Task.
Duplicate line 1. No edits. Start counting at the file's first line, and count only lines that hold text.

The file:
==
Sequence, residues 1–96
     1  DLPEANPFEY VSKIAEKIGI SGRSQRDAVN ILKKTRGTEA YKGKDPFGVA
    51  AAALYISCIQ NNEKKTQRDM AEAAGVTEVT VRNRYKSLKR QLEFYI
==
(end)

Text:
Sequence, residues 1–96